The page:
The Bivystick retails for $349. The Bivystick has one plan that is $17.99 for 30 days of use. There are no hidden costs with the Bivystick, for $17.99 you get 10 credits. Each action is a credit… Sending a text equals 1 credit, a weather report equals 1 credit, so on and so forth. You can buy extra credits that end up rolling over as long as you keep paying month-to-month with a data plan. The app also keeps track of usage and you can easily look and see what’s been used and how many credits you have left. This is not something the others do, where you’re kind of left guessing. Very nice when you are in the middle of nowhere. If you are looking for a two-way satellite communicator that not only syncs easily with your mobile phone and offers great maps but also provides a battery charger for your mobile phone, the Bivystick is a great option. Not having to carry an extra battery charger makes the Bivystick a very attractive choice.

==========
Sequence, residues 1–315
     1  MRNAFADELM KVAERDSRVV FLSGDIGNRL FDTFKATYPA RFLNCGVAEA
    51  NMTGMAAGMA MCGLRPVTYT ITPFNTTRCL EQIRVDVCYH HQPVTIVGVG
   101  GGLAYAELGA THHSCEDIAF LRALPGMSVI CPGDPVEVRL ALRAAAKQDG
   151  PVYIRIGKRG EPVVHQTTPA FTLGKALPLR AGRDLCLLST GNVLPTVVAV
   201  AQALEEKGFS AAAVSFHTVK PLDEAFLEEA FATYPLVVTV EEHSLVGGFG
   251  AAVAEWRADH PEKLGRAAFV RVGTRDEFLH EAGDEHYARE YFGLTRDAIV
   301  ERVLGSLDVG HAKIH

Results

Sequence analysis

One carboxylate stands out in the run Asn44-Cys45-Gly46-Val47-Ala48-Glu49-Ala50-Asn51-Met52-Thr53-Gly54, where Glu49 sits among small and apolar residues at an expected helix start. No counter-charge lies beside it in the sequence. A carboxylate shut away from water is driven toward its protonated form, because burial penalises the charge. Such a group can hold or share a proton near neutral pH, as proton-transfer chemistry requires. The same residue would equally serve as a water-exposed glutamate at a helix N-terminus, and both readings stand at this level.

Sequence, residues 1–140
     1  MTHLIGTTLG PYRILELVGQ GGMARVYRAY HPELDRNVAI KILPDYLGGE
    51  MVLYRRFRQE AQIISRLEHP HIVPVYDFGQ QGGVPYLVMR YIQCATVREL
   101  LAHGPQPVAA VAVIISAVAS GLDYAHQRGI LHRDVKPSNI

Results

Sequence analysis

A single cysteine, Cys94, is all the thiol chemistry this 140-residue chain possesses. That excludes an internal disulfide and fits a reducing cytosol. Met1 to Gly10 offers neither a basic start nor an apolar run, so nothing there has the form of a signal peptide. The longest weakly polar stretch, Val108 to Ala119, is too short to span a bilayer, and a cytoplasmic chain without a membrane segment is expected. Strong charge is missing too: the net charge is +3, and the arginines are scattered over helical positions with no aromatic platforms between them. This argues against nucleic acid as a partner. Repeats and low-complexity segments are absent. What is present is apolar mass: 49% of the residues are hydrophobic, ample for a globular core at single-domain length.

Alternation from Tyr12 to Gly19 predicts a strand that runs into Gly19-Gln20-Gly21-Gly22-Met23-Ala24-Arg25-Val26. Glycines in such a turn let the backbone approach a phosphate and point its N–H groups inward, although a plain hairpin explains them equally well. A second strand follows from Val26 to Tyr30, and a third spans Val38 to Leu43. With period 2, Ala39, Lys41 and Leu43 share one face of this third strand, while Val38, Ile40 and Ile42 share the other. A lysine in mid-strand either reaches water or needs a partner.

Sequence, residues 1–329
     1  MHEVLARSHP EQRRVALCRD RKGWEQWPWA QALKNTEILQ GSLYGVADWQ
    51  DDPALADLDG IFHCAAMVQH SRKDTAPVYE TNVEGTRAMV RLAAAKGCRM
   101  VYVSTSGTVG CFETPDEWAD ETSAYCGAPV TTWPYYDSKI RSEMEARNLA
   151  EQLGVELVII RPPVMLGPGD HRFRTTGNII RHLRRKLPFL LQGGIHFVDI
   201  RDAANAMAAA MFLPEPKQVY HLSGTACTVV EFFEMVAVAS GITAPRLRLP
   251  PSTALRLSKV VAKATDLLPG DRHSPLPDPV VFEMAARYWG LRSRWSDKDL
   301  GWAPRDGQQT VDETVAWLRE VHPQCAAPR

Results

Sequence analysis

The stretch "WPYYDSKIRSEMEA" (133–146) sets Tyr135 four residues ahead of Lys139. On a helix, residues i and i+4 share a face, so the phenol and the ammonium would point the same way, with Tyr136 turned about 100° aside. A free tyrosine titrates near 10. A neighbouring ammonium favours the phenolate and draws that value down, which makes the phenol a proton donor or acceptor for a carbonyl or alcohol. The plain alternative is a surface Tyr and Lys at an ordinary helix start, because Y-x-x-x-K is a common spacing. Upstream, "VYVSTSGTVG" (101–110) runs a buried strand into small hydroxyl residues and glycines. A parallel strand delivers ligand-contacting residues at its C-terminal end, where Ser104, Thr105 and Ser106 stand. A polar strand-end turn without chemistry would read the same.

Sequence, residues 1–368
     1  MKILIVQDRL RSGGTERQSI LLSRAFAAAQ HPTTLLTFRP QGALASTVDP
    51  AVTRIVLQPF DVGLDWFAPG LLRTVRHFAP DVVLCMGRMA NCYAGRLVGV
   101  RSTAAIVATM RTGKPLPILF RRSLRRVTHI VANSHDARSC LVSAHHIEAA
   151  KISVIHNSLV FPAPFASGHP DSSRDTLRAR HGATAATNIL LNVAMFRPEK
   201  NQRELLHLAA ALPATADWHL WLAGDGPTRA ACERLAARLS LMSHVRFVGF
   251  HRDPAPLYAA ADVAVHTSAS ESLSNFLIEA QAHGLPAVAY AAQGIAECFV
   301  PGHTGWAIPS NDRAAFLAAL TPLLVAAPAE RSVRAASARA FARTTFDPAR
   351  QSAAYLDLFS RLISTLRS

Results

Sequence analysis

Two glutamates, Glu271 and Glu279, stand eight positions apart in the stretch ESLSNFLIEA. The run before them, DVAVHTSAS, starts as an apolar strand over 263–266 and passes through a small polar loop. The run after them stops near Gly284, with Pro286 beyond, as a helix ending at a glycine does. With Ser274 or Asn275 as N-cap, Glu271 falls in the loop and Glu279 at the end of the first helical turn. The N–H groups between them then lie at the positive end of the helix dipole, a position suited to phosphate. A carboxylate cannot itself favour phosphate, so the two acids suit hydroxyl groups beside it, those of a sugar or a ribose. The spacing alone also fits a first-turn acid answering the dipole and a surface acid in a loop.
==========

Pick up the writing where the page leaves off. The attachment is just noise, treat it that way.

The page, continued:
SIZE: 5.77in x .97in x 1.87in
WEIGHT: 6 oz
WHERE TO BUY: Bivystick Communication Device
SPOT: SPOT X
Spot was one of the first on the scene with affordable two-way satellite communication and the company provides great products. They have several units to choose from that all keep a person safe in areas cell providers fail. The Spot X is targeting the same market as the inReach Mini and Bivystick; all three all offer functionally the same features. When you are looking at all three it comes down to personal preference and what you the buy are looking for in a two-way satellite communication device. The Spot X is on the bigger side and about the same size as a hand-held GPS. The Spot X weighs 7 ounces.